Jim Cramer’s stock picks beat the market on the average according to an academic study by two Northeastern University professors. On Wednesday’s show, Jim Cramer talked a lot about the debt crises in Europe. On the one hand, the uncertainty is lowering the cost of raw materials so smart companies are able to reduce their overhead and preserve profit margins even if sales have declined somewhat. On the other hand, the Eurozone debt crisis is causing some investors to be bearish, shorting stock and taking losses for doing so in some cases. Further, these “bears” may lower their earnings estimates for companies. As a result, a company like Pepsico (PEP) that may be reporting lower earnings than it estimated for itself is still able to beat the lowered bar set for it by the “bears”. In turn, its stock goes up and the bears lose money.
Jim Cramer’s opinion is that the economy isn’t home free just yet and there is a lot to be worried about because the EU is linked to US market performance in general. Some companies exist apart from that influence but more realistically, “there may be too many bears out there worrying about the same thing for it to become a reality.”
Here are Jim Cramer’s stock picks during Wednesday night’s show:
Avon (AVP): After putting Avon CEO Andrea Jung on the Wall of Shame in April, only to remove her later, and advising viewers to wait on investing in AVP until Jung was left the company, Jim Cramer is now recommending the stock. Jung may still be at the helm, but Cramer thinks AVP is simply too cheap to pass it. It was trading at $21.88 at the close of trading Wednesday and offers a 4.2% dividend yield.
Ford (F): With consumer confidence on the rise and the cost of raw materials down, Jim Cramer thinks it is a perfect time to buy a car company like Ford. Ford closed Wednesday up 1.25% on the day, finishing up at $11.38 a share.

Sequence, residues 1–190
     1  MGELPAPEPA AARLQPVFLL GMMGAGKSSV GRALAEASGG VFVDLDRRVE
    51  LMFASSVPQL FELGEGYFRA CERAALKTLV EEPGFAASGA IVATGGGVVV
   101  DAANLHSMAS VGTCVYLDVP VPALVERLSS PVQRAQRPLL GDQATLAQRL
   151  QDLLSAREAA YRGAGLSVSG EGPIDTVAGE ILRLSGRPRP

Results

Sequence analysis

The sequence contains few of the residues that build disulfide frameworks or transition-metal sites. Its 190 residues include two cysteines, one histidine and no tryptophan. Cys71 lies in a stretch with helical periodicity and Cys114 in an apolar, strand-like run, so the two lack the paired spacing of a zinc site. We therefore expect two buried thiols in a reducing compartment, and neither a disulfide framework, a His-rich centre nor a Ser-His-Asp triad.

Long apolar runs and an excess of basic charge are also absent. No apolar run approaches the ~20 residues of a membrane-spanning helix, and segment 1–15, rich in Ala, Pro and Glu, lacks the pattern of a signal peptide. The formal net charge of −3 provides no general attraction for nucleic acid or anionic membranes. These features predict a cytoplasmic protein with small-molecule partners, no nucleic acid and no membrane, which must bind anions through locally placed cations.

AT&T (T): Cramer is extremely bullish on AT&T. It was up 0.76% on the day, trading at $28.99 a share. It also offers a dividend yield of 6.00, but Cramer has another reason for liking AT&T – its upcoming deal with Deutsche Telekom’s T-Mobile. The way Cramer sees it is, if the deal goes through, AT&T’s profit margins will soar and, if not, the company saves money. It’s a win-win. Jim Cramer has T in his charitable trust’s portfolio. Jim Simons has a large position in T too.
InterDigital (IDCC): Jim Cramer is no longer behind this stock. It lost 6.95% on the day yesterday, to close trading at $48.46 a share. He says he just doesn’t understand how to value its patents. He liked it, then he thought it overinflated, and now he just isn’t interested.
Chevron Corp (CVX): Cramer is a fan of CVX, calling it a “winner” for its mid-quarter update and estimates of production growth. CVX closed yesterday at $97.78 a share, up 0.18% on the day.
Molycorp (MCP): MCP is a rare earths company and Cramer is not so keen on that industry right now. He calls it a “cult stock” and recommends viewers sell. MCP was up 3.76% to close trading on Wednesday at $37.21 a share.
Freeport-McMoRan (FCX): Cramer likes FCX. It is a copper mining company with what Jim Cramer calls “genuine earnings power.” He also thinks that the demand for copper will go up soon, making FCX a definite buy. FCX closed Wednesday up 1.96% on the day, to end at $35.89 a share.
Piedmont Office Realty Trust (PDM): PDM was up 2.64%, closing the day at $16.35 a share, but if Jim Cramer had to pick a stock in PDM’s industry, real estate investment trusts, Cramer prefers Annaly by far. He admits he could stand to do more research on PDM though, so it is a pass for now.
Annaly Capital Management (NLY): Even though NLY was down .25% on the day, trading at $15.80 a share, Cramer likes the management in NLY.
Cisco Systems (CSCO): Jim Cramer thinks that CSCO is a buy after watching an interview with its CEO John Chambers. He sees only upside. The stock rose 1.53% on Wednesday to close at $17.25 a share.
Manitowoc (MTW): MTW was up 2.17%, to end trading Wednesday at $8.46 a share. Jim Cramer had recommended MTW recently based on the reconstruction of Japan but then “The orders did not come through and Europe slowed down dramatically.” Cramer said he “screwed up on that one.” “That said,” he continued. “This stock has been left for dead, and yet I think there is a pulse, and at $8, yes indeed, I would double down.”